I read some of the ridiculous stuff on the big forum...And then decided offically to never visit the site again! Talk about people who are over the top, when you would think we are all on the same team...Truly you just never know!
I get it totally.
Thanks for your posts and know that we support you and totally are in agreement.
Much Love
Chantelle

Cyndi said...

I enjoyed Green's perspective when I read that the other day, too. She has a way of getting right to the point. And I agree with Chantelle above... I stopped reading the big ET forum a long time ago. Everyone AP I met in ET when we were there shared the same opinion of that group, and most had stopped reading it as well. I have found I don't miss out on anything of value, but I do avoid a lot of you-know-what... ;)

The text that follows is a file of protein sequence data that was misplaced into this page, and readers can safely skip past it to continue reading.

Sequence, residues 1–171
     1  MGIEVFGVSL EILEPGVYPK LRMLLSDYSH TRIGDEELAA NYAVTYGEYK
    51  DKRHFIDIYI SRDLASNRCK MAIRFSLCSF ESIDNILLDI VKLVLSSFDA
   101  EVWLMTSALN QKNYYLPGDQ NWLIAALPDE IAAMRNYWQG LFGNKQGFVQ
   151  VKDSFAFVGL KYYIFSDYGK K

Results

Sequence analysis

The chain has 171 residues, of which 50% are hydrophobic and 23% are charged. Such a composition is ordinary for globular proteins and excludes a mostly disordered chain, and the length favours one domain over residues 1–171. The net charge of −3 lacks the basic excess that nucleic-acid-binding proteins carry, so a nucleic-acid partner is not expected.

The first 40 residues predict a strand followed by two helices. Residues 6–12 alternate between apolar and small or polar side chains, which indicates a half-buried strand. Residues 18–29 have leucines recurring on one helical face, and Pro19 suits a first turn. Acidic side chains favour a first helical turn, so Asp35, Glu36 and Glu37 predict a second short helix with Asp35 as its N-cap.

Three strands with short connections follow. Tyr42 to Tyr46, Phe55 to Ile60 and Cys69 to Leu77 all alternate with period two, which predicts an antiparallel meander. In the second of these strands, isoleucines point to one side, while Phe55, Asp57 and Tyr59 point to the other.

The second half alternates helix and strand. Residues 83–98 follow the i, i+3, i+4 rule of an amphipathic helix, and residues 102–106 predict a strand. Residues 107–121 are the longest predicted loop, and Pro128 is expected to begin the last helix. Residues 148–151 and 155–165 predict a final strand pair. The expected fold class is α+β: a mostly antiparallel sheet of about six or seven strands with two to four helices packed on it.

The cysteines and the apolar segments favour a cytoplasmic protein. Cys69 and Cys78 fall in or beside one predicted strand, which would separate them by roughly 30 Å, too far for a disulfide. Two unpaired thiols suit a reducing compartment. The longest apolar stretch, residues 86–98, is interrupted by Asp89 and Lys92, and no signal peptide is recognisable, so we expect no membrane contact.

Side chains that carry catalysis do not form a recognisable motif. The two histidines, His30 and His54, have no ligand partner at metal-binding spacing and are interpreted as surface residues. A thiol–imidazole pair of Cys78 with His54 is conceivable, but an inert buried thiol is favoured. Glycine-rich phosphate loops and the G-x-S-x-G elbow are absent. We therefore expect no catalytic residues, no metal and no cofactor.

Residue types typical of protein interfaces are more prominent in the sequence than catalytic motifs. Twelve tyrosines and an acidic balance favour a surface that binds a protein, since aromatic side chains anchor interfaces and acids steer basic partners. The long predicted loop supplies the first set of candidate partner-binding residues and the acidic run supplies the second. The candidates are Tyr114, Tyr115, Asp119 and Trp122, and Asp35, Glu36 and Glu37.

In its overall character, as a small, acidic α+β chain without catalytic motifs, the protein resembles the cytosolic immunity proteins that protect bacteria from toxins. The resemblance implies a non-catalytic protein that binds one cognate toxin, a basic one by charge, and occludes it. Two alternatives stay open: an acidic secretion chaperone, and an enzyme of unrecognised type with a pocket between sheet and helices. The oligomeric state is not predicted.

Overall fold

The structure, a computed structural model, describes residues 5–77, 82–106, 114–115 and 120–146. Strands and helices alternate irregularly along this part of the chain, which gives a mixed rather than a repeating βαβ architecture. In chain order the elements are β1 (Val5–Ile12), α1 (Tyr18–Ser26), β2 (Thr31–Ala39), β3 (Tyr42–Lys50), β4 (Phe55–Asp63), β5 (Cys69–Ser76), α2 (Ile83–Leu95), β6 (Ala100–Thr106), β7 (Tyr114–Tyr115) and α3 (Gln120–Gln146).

Debbie said...

Thanks for ranting!!!! I really should do some ranting on my blog as well.

Ellen Enright said...

Thank you so much for opening up. I'm going to have to read all of that article. I completely agree with you. I have a son from Ethiopia and am currently in the paper work process of adopting a little girl from Ethiopia. Some questions asked of us are quite rude/awkward, so it is nice to read a post like yours. And you are allowed to rant!!

Melanie said...

Amber,